Hydrogen combustion, in particular, is troubling as it is currently counted as zero emissions by the EPA, but it really is not zero emission at all. Virtually all hydrogen produced today comes from fossil fuels (so-called “blue” hydrogen), not from cleaner sources like electrolysis of water (“green” hydrogen, aka, the better kind).
HDLG thinks it can be used to reduce emissions in the short-term while hydrogen infrastructure is built up to service future fuel cell vehicles. This could be a fair point, if we think hydrogen will ever become a viable transportation fuel (for consumer vehicles, likely not, but for heavy duty vehicles, it might find a useful niche).
However, the Union of Concerned scientists calls hydrogen combustion a “dead end” and a “bridge to nowhere,” and says the EPA must close the hydrogen combustion “loophole” and leave it out of the HD phase 3 rules.
That said, regarding the “technology neutral” language, EPA’s recent car rules were also written in a technology-neutral manner, and in that case, I consider this a real strength of those particular rules. Instead of proscribing a particular path to get to emissions reductions, the EPA rules center emissions reductions as the matter of first importance, and allow companies to use whatever methods they can to get to the stated goals. If you can somehow make a gas car 4x more efficient, then so be it – it’s just that, well, you can’t, so you’re probably going to end up going electric anyway, which we all know is where things are going so why is everyone trying to fight it anyway.
But keeping things technology neutral does still open up other clever options, like electric trailers, which can be done to immediately reduce a fleet’s emissions without having to modify any engine components whatsoever. Solutions like that may not be the end-all of zero emission trucking, but can help us fill the gap on the way to a zero emissions future.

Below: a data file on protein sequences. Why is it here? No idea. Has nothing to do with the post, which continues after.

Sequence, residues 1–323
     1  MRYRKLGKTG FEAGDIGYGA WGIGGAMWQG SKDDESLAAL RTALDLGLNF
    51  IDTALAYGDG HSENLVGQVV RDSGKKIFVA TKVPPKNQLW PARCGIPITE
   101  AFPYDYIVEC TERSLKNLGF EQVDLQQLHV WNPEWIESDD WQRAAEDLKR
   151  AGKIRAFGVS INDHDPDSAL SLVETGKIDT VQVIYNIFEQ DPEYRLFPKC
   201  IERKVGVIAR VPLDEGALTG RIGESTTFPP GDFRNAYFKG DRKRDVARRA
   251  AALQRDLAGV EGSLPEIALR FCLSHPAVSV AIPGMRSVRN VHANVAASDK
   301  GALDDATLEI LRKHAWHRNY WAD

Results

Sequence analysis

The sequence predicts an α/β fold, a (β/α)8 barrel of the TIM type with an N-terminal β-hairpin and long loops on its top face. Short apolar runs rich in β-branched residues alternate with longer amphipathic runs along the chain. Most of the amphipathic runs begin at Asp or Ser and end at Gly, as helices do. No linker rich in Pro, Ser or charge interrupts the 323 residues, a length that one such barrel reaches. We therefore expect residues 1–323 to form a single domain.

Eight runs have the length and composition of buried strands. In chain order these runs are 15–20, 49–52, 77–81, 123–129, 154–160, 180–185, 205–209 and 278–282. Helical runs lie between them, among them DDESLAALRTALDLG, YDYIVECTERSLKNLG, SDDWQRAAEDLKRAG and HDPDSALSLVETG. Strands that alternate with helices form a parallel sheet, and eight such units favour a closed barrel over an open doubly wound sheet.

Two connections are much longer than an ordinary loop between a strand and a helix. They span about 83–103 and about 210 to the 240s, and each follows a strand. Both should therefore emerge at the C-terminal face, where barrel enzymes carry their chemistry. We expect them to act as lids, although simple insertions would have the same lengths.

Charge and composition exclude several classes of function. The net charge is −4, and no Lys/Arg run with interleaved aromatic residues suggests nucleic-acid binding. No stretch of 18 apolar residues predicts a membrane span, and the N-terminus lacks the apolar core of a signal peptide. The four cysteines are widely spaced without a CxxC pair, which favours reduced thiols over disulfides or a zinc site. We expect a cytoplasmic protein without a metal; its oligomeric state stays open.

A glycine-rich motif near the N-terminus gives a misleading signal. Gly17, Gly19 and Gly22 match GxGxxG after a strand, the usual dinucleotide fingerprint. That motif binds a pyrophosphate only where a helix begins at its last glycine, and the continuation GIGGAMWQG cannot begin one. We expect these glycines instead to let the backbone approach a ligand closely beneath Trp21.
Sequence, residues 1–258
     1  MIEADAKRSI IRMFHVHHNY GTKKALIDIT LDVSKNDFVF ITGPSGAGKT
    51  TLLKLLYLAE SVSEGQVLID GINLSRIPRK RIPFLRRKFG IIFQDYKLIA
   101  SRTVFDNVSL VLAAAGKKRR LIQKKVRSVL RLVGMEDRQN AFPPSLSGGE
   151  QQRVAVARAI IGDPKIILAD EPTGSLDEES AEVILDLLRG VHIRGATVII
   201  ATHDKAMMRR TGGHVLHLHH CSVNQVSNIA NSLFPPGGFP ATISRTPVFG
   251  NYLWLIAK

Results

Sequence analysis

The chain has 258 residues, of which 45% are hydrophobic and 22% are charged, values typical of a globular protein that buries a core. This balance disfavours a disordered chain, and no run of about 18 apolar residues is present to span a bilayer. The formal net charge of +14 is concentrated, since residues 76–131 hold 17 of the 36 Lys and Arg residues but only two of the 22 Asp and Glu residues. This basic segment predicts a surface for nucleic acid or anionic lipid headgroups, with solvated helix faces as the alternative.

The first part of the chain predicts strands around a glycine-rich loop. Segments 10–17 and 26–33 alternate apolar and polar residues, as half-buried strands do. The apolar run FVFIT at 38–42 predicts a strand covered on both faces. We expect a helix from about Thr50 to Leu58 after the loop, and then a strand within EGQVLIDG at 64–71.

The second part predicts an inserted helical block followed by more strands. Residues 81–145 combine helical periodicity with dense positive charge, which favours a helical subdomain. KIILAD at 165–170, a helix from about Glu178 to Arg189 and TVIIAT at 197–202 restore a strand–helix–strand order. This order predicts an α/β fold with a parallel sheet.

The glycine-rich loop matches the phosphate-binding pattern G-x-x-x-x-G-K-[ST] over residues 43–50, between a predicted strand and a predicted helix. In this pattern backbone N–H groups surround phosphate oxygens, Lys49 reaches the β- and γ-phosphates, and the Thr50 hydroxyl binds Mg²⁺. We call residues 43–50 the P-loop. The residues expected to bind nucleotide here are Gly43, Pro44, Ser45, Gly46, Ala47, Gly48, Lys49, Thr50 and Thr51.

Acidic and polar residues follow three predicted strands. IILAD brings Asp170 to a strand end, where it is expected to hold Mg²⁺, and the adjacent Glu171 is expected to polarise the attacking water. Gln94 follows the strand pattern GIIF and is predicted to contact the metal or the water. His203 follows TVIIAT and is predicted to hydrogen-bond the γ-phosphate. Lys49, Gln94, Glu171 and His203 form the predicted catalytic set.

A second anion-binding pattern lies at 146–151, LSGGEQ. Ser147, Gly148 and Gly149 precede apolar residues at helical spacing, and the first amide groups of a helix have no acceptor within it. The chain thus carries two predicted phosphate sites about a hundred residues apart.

So while I’m still a bit wary of the “technology neutral” language, and particularly the mention of “advanced engine technologies” and hydrogen combustion, I’m willing to take this move as an overall positive, since it can be rare to see industry supporting regulations, and here we have an example of some big players throwing their weight behind better emissions rules. So that’s nice to see.
Now, if only Volvo and Daimler could embrace the new rule instead of lobbying against them, and act like the zero-emission leaders they claim to be publicly, we could start making some progress on this “regulatory certainty” that companies are supposed to be so fond of.
Italy is putting a big hybrid floating solar–floating wind farm in the sea
A 540-megawatt (MW) hybrid floating solar–floating wind farm is going to be developed off Italy’s southern coast, in the Ionian Sea.
Dutch-Norwegian offshore solar company SolarDuck, Italian investment fund Arrow Capital, and Italian developer New Developments are jointly developing the Corigliano project, which will be in the Gulf of Taranto off the Calabrian coast of Corigliano-Rossano:
SolarDuck is a spin-off of Damen Shipyards, a major shipbuilder in the Netherlands. It’s tapped into that knowledge to design elevated solar platforms made of offshore-grade aluminum that sit 10 feet (3 meters) off the water to withstand rough waters. The elevation also reduces salt deposits on the solar panels. (Floating solar farms on lakes and ponds tend to sit directly on the water.)